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Advice for first-time buyers: house prices by region

19th November 2021 Print

It’s never been an easy feat to buy your first home, but with house prices now rising exponentially and without signs of stopping, it’s harder than ever before to fly the nest.

Some house-hunters might’ve noticed that properties vary in price depending on their location. Certain areas see localised differences, but in this guide, we’ll look at price trends by region – and how to keep the costs down.

Getting on the ladder

Unfortunately, there are obstacles to conquer before considering the price of the house itself. While the coronavirus pandemic placed financial strain on families across the country, it also paved way for opportunities to save. Official reports found that household savings increased from 8.9% in the first quarter of 2021 to a striking 25.9% in the second.

For younger people, this might’ve meant a few more months with the family. Even with a little bit more in the bank, saving the cash is only the precursor to initiating the buying process. Without a lump sum or any inheritance, it’s easy to feel stuck.

A helping hand

Government schemes have been put in place to assist first-time buyers, including an inviting government-backed equity loan allowing first-time buyers in England to buy a newbuild, and with only a 5% deposit necessary.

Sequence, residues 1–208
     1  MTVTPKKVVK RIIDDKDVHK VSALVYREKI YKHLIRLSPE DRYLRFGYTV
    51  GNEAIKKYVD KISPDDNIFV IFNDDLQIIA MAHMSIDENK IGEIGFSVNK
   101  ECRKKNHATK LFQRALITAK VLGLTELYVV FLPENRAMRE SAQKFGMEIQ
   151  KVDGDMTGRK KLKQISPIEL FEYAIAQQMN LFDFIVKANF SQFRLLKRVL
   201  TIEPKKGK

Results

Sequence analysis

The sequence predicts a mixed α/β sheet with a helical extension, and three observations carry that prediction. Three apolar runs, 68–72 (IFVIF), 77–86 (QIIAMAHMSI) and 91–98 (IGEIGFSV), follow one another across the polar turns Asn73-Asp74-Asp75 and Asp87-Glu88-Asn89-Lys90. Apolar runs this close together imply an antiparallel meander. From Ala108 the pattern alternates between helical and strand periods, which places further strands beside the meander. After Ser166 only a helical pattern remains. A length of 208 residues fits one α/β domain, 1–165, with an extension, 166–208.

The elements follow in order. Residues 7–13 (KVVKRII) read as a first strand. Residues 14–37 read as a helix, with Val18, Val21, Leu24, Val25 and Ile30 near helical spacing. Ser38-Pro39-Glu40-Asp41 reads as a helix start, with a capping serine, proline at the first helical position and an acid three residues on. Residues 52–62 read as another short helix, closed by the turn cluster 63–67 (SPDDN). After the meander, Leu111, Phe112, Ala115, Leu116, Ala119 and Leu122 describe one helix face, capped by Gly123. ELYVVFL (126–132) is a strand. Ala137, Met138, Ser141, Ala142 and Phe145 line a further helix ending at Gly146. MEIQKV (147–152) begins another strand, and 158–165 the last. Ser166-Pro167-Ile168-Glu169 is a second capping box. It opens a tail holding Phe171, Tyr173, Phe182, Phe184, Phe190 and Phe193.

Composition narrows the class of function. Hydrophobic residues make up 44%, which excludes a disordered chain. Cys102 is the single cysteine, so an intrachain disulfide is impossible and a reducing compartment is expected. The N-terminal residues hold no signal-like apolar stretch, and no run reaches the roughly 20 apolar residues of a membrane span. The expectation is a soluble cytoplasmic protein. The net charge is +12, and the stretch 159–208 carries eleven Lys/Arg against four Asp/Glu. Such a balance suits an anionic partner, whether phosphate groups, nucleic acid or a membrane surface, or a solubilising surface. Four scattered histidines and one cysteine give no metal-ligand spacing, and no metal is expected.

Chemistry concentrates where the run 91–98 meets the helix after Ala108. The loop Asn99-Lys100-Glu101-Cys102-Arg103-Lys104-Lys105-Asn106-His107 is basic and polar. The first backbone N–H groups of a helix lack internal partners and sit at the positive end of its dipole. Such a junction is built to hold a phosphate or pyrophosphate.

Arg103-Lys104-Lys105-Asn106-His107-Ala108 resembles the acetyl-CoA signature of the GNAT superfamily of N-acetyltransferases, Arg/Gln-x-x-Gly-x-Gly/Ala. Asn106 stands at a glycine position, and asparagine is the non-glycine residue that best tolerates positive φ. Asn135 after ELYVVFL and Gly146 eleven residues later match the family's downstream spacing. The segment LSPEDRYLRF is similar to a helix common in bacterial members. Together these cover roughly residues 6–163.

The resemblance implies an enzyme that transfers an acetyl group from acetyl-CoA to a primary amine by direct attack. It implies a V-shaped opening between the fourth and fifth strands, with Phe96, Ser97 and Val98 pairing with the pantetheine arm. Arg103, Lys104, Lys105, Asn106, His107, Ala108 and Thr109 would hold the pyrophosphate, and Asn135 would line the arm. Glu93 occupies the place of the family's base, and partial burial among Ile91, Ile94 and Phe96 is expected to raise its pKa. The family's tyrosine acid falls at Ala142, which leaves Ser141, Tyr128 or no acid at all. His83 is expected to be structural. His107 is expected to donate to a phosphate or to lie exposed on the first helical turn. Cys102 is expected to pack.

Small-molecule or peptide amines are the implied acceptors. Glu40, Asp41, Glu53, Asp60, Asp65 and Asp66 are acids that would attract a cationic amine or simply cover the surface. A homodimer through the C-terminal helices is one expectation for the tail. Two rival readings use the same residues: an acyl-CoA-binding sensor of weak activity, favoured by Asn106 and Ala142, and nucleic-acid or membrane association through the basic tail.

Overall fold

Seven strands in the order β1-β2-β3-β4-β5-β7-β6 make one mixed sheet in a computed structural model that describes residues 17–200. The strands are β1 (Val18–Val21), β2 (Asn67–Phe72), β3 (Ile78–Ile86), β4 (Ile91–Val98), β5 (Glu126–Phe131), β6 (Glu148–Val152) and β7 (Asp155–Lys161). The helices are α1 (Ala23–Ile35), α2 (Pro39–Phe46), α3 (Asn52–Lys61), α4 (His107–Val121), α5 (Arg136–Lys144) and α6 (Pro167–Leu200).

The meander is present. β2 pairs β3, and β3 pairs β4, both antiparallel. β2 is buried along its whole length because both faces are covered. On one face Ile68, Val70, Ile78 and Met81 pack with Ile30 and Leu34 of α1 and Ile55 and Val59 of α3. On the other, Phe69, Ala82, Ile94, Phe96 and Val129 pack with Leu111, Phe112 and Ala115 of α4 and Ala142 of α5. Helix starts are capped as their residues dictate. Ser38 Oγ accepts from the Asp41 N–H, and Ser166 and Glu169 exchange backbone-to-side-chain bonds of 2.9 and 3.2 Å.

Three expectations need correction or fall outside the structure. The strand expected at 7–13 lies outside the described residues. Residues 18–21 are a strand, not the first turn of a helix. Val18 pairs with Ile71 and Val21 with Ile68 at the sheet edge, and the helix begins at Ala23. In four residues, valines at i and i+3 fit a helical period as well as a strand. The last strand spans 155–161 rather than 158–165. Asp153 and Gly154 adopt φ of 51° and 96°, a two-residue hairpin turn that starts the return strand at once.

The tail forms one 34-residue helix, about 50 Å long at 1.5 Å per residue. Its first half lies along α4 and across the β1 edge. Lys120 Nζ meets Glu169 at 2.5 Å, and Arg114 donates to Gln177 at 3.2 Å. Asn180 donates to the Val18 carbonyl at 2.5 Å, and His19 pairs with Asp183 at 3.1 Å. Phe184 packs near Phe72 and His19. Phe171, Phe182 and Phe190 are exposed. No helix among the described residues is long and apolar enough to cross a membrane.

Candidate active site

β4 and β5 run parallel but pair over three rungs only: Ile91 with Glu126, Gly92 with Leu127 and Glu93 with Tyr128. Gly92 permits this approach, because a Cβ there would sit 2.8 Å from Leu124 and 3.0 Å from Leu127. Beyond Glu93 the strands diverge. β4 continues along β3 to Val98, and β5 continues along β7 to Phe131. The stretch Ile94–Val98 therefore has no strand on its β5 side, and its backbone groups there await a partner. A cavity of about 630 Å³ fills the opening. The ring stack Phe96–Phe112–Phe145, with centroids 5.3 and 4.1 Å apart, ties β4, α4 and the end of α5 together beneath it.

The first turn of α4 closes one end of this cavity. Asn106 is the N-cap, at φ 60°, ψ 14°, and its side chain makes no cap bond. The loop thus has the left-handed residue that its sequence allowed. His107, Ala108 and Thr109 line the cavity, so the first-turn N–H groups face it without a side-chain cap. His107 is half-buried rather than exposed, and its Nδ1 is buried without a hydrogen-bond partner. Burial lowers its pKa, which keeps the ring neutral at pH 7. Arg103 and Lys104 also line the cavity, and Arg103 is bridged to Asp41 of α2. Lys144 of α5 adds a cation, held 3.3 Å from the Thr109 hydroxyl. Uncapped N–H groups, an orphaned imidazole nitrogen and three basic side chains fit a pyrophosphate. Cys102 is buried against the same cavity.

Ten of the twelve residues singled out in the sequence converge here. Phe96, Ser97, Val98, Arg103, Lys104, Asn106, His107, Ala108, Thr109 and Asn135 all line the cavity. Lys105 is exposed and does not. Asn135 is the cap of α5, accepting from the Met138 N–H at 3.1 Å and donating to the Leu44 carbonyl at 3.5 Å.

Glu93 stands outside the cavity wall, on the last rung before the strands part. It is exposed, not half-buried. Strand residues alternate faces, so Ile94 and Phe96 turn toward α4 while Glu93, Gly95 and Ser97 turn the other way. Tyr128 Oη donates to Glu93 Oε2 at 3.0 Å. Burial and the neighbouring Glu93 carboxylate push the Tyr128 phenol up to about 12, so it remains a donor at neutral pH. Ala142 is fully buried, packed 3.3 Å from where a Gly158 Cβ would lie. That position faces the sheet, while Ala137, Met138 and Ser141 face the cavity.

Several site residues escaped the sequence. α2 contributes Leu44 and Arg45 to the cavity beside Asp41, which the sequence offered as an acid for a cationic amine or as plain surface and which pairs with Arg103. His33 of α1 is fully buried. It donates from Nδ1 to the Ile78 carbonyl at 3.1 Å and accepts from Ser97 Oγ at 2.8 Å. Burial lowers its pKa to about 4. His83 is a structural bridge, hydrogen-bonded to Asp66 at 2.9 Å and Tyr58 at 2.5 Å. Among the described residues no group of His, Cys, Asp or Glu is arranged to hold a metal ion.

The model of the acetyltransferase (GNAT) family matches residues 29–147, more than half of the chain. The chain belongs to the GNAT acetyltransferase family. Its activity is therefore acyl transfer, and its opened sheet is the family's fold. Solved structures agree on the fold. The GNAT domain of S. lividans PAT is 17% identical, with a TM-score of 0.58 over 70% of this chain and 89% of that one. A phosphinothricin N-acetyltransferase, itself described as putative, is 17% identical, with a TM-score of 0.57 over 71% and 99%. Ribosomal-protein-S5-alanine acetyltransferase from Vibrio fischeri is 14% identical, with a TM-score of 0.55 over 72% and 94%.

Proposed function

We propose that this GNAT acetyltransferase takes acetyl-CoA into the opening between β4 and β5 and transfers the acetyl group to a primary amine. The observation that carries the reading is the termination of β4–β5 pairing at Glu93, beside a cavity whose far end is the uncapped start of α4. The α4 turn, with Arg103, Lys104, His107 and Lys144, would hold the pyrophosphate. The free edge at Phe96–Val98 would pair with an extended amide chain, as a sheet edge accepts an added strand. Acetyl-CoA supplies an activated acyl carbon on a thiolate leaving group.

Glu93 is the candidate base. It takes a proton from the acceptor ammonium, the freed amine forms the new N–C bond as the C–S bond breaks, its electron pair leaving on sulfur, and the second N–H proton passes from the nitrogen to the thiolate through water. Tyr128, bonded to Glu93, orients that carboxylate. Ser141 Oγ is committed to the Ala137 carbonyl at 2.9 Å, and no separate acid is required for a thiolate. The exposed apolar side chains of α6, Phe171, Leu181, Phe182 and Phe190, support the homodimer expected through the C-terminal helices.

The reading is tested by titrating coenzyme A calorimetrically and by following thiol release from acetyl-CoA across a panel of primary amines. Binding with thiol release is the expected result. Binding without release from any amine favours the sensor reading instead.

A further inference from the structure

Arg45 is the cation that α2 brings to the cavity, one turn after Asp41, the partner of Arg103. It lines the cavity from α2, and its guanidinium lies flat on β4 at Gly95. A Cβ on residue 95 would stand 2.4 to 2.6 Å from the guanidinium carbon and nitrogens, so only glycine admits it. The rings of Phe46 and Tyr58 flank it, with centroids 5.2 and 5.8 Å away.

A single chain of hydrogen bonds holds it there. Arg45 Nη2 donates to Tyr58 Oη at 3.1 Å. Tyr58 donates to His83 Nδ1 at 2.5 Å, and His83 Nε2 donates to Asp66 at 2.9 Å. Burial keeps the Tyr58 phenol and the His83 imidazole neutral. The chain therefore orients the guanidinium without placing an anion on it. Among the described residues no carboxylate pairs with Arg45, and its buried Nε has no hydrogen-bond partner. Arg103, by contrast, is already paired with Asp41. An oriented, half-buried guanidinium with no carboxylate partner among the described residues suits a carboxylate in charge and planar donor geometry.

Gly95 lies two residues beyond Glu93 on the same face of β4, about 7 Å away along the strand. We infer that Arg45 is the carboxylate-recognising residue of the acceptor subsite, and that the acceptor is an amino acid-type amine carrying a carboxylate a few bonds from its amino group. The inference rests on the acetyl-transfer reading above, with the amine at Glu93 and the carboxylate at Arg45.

The revamped Help to Buy scheme lends up to 20% (or 40% in London) of the asking price, interest-free and for five years. Don’t get confused with the previous Help-to-Buy ISAs, offered by banks until November 2019 – the latest equity loans serve as their replacement.

Finding the best houses

It’s only natural to dream of a beautiful house with a big garden, but for any first-time buyer hoping to benefit from schemes including the Help-to-Buy equity loan, you’ll find a capped maximum spend depending on the region you choose.

The most generous allowances are given to those looking for property in London, in line with the city premium, and the lowest maximum prices are offered in the Northeast. Data proves that average house prices are always highest in London, with the southeast following as a close second, and a general downward trend the further north you go.

However, the price alone won’t necessarily determine that you’ll get enough ‘bang for your buck’ and it’s important to research and thoroughly consider your chosen area. Your priorities could lie in shortening your commute, being in the city or staying close to your relatives, so don’t rush into a decision.

Holding on

Finding a property as a first-time buyer can be incredibly frustrating, but don’t give up – if you’ve worked hard to save, there are resources available to help you get on the ladder.